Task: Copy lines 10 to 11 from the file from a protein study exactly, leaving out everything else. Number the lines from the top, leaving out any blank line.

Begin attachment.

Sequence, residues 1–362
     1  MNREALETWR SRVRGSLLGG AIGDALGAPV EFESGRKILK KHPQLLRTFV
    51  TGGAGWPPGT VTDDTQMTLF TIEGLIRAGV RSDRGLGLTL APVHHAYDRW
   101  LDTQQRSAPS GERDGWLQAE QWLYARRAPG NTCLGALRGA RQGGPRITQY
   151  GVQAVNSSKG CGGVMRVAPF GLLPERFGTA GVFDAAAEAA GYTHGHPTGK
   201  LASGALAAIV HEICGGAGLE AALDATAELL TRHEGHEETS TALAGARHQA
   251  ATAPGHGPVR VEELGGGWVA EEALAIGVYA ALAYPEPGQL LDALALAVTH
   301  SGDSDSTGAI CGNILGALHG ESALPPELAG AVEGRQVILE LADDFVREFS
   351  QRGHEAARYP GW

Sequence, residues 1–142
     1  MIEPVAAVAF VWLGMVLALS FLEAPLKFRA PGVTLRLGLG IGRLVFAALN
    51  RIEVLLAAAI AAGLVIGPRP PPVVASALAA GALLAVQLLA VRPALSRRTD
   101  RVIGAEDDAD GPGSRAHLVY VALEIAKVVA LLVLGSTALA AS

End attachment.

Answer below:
Sequence, residues 1–142
     1  MIEPVAAVAF VWLGMVLALS FLEAPLKFRA PGVTLRLGLG IGRLVFAALN